Notes from Cabo San Lucas

The native inhabitants of Cabo San Lucas, the Pericú, had a rough go of it in their twilight years.  First they were overrun by Hernán Cortés and his Spanish Conquistadores in the 16th century.  Then, two centuries later, Jesuit missionaries told them what position to make love in.

Naturally, the Pericú revolted against the Jesuits.  But the combination of combat deaths and old world diseases irreversibly thinned out their population.  By the late 18th century they were culturally extinct.

When Hatsutaro, a Japanese castaway whose adventures were chronicled in the book Kaigai Ibun, landed in Cabo San Lucas in 1842, there were only two houses and about twenty inhabitants.  As far as we can tell, the place continued in slumber for the next 60 years.  In the early 20th century, however, the fishing trade brought development to the area.  Then, by the mid-20th century, Cabo San Lucas had become a popular vacation destination and the coastline was dotted with large scale tourist developments.

This, of course, is what brings us to this locality.  We are here for several days on family vacation.  Nonetheless, we still labor on your behalf…putting pen to paper for your reading enjoyment.

But today we’ll deviate from our usual deliberations on money and markets to bring you an abbreviated article on the sights, sounds, and smells emanating from the southern tip of Baja California Sur.

Sunrise and Sunset in Paradise

Sunrise and sunset are always sublime in paradise.  Sitting poolside, at our hotel’s patio yesterday morning, we sipped our coffee and ate huevos rancheros while the sky opened up above us.  The morning crimson faded giving way to the bright golden sun.  The turquoise waters extended out on the horizon.  Below us small waves crashed onto the rocks and ran up the soft beach in a low-pitched rhythm.  What was left of the cool nighttime breeze greeted us with fresh smells of the saltwater sea.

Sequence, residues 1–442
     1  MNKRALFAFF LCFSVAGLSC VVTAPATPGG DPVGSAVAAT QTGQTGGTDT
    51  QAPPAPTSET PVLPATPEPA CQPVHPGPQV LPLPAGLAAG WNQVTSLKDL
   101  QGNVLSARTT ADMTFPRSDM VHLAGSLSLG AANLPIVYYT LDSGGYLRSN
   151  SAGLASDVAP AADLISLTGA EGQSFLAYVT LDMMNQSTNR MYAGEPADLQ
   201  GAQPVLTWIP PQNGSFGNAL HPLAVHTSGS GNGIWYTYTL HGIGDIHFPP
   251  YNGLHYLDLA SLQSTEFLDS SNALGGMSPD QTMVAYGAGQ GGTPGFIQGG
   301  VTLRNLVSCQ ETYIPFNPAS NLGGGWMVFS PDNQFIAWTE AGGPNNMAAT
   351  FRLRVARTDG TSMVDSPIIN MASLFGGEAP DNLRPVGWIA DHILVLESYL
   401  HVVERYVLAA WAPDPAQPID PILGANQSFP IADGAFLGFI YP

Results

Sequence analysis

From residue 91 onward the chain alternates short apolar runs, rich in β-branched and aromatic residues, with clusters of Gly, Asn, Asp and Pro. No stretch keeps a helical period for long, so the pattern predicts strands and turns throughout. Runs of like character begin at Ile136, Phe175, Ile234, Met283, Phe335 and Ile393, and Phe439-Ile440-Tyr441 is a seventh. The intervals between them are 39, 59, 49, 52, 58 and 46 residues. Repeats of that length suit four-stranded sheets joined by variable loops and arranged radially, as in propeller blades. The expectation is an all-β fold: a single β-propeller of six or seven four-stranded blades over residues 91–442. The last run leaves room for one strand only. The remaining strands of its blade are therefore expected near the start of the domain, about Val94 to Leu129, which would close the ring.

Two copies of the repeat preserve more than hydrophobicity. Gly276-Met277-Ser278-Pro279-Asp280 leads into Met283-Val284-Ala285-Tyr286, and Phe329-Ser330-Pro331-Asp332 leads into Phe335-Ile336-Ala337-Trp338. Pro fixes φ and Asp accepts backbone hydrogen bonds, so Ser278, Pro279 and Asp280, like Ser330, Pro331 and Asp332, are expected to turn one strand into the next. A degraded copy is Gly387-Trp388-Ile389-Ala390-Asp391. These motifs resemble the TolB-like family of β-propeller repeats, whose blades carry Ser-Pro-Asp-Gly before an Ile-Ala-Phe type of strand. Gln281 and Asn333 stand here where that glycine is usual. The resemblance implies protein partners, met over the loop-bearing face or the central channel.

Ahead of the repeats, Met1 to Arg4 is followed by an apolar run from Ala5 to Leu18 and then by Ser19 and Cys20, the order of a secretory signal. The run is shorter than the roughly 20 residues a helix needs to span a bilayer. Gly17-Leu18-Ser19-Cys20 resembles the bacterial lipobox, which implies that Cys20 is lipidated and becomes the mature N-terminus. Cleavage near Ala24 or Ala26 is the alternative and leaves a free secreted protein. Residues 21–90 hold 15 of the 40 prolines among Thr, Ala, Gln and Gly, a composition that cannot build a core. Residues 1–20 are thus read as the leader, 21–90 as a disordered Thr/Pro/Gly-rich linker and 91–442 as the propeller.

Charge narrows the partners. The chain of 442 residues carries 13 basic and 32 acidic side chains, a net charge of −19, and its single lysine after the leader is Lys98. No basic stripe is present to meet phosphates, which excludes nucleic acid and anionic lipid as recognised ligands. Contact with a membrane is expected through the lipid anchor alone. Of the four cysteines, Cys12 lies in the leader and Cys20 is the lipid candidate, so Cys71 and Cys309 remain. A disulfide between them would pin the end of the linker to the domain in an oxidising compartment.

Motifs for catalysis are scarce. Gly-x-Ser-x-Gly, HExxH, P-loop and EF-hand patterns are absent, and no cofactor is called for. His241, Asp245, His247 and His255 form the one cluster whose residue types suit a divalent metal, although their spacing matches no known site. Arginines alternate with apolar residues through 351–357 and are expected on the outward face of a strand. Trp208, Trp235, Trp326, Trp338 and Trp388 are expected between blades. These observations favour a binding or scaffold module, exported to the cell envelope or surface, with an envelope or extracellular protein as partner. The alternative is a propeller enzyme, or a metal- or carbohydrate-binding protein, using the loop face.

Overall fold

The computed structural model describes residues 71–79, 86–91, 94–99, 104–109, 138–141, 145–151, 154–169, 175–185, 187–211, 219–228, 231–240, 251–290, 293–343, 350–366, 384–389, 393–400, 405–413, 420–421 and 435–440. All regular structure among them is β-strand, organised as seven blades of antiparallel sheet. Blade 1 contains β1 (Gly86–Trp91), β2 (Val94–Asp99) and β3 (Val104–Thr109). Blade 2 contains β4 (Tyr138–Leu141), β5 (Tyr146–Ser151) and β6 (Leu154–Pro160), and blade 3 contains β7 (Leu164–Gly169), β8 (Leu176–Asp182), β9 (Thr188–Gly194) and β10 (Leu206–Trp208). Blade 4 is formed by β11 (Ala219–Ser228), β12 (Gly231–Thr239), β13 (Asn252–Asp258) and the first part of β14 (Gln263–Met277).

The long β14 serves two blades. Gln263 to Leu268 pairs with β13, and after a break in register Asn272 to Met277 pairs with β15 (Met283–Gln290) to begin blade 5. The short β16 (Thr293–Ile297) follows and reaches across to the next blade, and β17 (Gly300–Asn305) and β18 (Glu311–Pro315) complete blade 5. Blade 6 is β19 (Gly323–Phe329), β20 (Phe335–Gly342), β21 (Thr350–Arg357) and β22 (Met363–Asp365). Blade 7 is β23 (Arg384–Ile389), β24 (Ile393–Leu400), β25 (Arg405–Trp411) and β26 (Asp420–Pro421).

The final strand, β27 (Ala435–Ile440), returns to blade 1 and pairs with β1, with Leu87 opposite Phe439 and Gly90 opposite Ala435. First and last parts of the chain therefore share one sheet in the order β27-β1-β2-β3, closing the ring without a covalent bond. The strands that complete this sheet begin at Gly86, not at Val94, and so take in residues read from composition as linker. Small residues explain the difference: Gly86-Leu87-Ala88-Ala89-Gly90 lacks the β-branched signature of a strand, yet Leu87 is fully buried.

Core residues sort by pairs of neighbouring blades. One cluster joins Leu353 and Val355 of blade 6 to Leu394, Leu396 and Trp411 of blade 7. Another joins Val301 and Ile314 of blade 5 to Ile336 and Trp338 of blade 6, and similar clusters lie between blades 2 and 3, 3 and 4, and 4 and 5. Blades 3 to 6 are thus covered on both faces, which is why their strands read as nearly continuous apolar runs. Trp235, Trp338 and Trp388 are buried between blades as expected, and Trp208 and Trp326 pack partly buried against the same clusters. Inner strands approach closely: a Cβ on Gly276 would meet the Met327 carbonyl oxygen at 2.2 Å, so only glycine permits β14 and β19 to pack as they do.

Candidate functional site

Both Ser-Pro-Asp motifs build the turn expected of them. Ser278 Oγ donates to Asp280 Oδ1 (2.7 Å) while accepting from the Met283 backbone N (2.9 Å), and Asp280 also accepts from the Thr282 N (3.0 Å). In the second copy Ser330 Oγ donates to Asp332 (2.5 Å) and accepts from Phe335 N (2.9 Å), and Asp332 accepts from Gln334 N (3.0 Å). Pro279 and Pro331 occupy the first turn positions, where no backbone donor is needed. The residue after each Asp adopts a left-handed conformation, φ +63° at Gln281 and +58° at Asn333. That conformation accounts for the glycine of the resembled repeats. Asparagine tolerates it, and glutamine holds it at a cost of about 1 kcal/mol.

Something magical happens at the confluence of the Sea of Cortez and the Pacific Ocean.  The rugged coastline gives way to meandering coves, sandy beaches, and partially eroded rock formations.  The warmer water from the Sea mixes with the cooler water of the Pacific, creating a unique underwater environment of colorful tropical fish, rocky reefs, and a variety of marine creatures.

This is where California’s expansive desert coastline finally terminates – at Golfo de California – and dips below the water for the last time.  At Lands End, El Arco provides one last gathering place for Sea Lions before the earth is completely swallowed by the ocean.

In the evening, after a day of swimming and splashing about, we strolled over to the southeast end of the marina and marveled at the colorful fusion of red, orange, yellow, and purple clouds in the sky sparkling off the turquoise water at sunset.  We watched the marlin fishing boats returning with their trophy catches and admired the expansive prehistoric frigate sea birds perched on and hovering around The Arch.

Later we wandered into the town for a Mexican seafood dinner and to peruse the handicrafts displayed by the local vendors.  We ate fresh mango slices as we ambled about.  We even picked up a pair of huarache leather sandals.  Tomorrow we’ll do more of the same…

Notes from Cabo San Lucas

That’s about all we have time for.  But before we sign off we’ll leave you with some final notes we’ve scribbled down on the back of a napkin…

Cactus…Spanish…Indian…tourists…boats…fishing…turquoise…silver…marlin…fiestas…music…mangos…pools…sand…sun…sea lions…beaches…scuba…outdoor markets…big smiles…tequila…chili spice…desert…peninsula…pirates…rocks…coastal…golf…and more.


MN Gordon
for Economic Prism

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